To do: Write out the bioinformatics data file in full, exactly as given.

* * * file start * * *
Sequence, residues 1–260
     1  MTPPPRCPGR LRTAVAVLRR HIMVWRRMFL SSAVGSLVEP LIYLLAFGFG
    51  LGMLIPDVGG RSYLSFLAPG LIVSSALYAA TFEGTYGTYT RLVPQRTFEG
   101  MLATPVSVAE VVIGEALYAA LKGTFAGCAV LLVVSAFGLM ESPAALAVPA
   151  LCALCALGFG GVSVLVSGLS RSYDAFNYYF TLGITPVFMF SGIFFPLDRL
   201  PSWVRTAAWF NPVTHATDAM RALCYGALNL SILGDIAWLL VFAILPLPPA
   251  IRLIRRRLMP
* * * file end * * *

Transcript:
Sequence, residues 1–260
     1  MTPPPRCPGR LRTAVAVLRR HIMVWRRMFL SSAVGSLVEP LIYLLAFGFG
    51  LGMLIPDVGG RSYLSFLAPG LIVSSALYAA TFEGTYGTYT RLVPQRTFEG
   101  MLATPVSVAE VVIGEALYAA LKGTFAGCAV LLVVSAFGLM ESPAALAVPA
   151  LCALCALGFG GVSVLVSGLS RSYDAFNYYF TLGITPVFMF SGIFFPLDRL
   201  PSWVRTAAWF NPVTHATDAM RALCYGALNL SILGDIAWLL VFAILPLPPA
   251  IRLIRRRLMP